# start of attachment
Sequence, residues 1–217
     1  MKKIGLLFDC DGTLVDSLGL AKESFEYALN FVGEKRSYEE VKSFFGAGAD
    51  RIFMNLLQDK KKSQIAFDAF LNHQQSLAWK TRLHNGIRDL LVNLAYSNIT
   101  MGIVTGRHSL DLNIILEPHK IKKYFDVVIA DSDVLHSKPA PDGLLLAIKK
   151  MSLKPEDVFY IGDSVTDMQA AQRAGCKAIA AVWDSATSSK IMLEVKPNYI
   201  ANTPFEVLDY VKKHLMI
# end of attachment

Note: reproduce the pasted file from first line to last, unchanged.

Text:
Sequence, residues 1–217
     1  MKKIGLLFDC DGTLVDSLGL AKESFEYALN FVGEKRSYEE VKSFFGAGAD
    51  RIFMNLLQDK KKSQIAFDAF LNHQQSLAWK TRLHNGIRDL LVNLAYSNIT
   101  MGIVTGRHSL DLNIILEPHK IKKYFDVVIA DSDVLHSKPA PDGLLLAIKK
   151  MSLKPEDVFY IGDSVTDMQA AQRAGCKAIA AVWDSATSSK IMLEVKPNYI
   201  ANTPFEVLDY VKKHLMI